History and description of Iaido
Iaido is a Japanese martial art associated with the smooth, controlled movements of drawing the sword from its scabbard, striking or cutting an opponent, removing blood from the blade, and then replacing the sword in the scabbard. While new students of iaido may start learning with a wooden sword (bokken) depending on the teaching style of a particular instructor, many of those who study iaido use an unsharpened sword (iaito). Advanced practitioners of iaido use a sharpened metal sword (shinken).
Because iaido teaches the use of actual metal weaponry, it is almost entirely based on the teaching of forms, or kata. Multiple person kata do exist within some forms of iaido, but the iaidoka (practitioners of iaido) will usually use bokken for such kata practice. Iaido does not include direct competition or sparring of any kind. Because of this non-competitve aspect, and iaido's emphasis on precise, controlled, fluid motion, it is sometimes referred to as "moving Zen."
Iaido in North America is often taught in dojo that also teach Aikido or Kendo.
The word iaido approximately translates into English as "the way of mental presence and immediate reaction."
In the book Bugei Ryuha Daijiten by Watatani Kiyoshi and Yamada Tadashi, Hayashizaki Jinsuke (Minamoto no) Shigenobu is credited with establishing the influence and popularity of the art early in the sixteenth century that is today widely practised as iaido. However, around a century before his birth, the dynamic art of iaijutsu had been developed by Iizasa Ienao, the founder of the Tenshin Shoden Katori Shinto-ryu.
Iaido should not be confused with kendo or kenjutsu:
- Kendo teaching does not include drawing and re-sheathing of a sword. The main weapon used in kendo, a flexible bamboo sword (shinai), uses no scabbard. Kendo is practiced with a partner in full contact training or in forms (kata) practice.
- Kenjutsu is generally practiced with a partner, in the form of predetermined routines, and often does include drawing or resheathing of the sword.
Iaido is often used interchangeably with Battojutsu, literally meaning "technique of drawing the sword". Battojutsu is the historical (ca. 15th century) term encompassing both the practice of drawing the sword and cutting (tameshigiri). The term iaijutsu became prevalent later (ca. 17th century), and the current term iaido is due to the general trend (stemming from gendai budo) to replace the suffix -jutsu with -do in Japanese martial arts in order to emphasize a philosophical or spiritual component. In contemporary usage, battojutsu focuses on the techniques of cutting, with individual practice that starts with the sword in the sheath.
Iaido forms (kata) are performed individually against one or more imaginary opponents. Some traditional iaido schools, however, include kata performed in pairs. Some styles and schools also do not practice tameshigiri, cutting techniques.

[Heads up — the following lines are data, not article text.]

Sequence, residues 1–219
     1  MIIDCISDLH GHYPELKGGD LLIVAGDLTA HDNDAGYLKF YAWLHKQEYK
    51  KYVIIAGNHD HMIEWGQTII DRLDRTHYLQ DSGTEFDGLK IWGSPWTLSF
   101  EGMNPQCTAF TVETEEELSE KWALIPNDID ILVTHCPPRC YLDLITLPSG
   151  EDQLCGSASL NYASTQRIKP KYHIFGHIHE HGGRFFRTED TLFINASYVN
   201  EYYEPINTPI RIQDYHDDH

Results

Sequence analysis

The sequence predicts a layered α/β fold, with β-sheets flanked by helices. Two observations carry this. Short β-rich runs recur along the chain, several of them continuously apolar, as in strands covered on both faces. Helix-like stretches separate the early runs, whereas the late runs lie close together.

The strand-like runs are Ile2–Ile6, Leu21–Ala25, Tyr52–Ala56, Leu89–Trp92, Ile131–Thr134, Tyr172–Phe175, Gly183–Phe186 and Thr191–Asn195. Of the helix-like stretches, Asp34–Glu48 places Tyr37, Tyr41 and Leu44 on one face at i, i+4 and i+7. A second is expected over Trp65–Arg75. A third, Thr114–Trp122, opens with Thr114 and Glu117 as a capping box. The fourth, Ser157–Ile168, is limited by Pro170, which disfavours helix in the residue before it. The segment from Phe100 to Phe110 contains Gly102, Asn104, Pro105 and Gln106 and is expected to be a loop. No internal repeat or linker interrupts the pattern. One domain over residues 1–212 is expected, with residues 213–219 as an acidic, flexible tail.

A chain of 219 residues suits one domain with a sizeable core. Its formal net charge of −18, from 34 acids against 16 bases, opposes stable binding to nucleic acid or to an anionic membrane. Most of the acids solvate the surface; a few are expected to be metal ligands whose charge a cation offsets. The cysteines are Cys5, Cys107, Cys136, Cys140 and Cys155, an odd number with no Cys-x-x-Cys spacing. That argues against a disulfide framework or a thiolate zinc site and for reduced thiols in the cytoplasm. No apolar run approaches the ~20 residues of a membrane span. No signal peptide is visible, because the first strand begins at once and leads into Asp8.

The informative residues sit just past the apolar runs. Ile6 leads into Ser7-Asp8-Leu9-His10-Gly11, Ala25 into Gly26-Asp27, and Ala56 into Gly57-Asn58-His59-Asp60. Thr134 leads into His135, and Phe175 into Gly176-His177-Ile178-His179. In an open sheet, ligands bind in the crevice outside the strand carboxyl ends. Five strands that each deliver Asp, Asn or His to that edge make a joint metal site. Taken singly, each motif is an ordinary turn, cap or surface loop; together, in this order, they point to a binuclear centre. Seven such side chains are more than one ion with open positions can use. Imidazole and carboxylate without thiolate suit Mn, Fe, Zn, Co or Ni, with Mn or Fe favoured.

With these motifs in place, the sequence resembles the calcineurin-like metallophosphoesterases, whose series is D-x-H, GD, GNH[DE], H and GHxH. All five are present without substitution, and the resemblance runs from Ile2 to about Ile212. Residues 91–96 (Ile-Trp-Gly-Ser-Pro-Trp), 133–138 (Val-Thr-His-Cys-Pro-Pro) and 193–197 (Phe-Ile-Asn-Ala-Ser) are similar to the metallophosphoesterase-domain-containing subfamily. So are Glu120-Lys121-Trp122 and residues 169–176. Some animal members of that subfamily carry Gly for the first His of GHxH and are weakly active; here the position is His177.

The primary emphasis in iaido is on the psychological state of being present. The secondary emphasis is on drawing the sword and responding to the sudden attack as quickly as possible. Starting positions can be from combative postures or from everyday sitting or standing positions. The ability to react quickly from different starting positions was considered essential for a samurai.
A very important part of iaido, is nukitsuke or the life of iai. This is a very quick draw accomplished by drawing the sword out of the saya by moving the saya back in saya biki. The blade may be brought out of the saya and used in a quick nukitsuke slashing motion.
History of Iai
The Tenshin Shoden Katori Shinto-ryu included iaijutsu in its curriculum in the 15th century. The first schools dedicated exclusively to sword drawing appeared some time during the late 16th or early 17th century. Hayashizaki Jinsuke Minamoto no Shigenobu (1546–1621) is generally credited with as being the originator of the first dedicated school of sword drawing. Little is known of his life, leading some scholars to doubt his historical existence as a real person. The two largest schools of sword drawing that are practised today are the Muso Shinden-ryu and Muso Jikiden Eishin-ryu . Both schools trace their lineage to Hayashizaki Jinsuke Shigenobu.
Before Nakayama Hakudo (1873?-1958) coined the word iaido early in the 20th century, various other names such as batto, battojutsu, or saya no uchi were used. Iaido is the usual term to refer to the modern self-improvement oriented-form taught by the All Japan Kendo Federation (AJKF), while Iaijutsu is used for some amongst the older koryu combative techniques.
Seitei Iaido or Zen Nippon Kendo Renmei Iaido is the iaido style of the All Japan Kendo Federation (AJKF, Zen Nippon Kendo Renmei or ZNKR). The twelve Seitei iaido forms (seitei-gata) are now standardised for the tuition, promotion and propagation of iaido within the kendo federations. Although not all dojo teach seitei iaido, the AJKF uses them as a standard for their exams and shiai. As a result, seitei iaido has become the most widely recognised form of iaido in Japan and the rest of the world.
The All Japan Iaido Federation (ZNIR, Zen Nihon Iaido Renmei, founded 1948) has a set of five iaido forms, Toho Iaido. This is essentially the ZNIR equivalent of the Seitei Iaido set. These five forms are from the five different major iaido schools.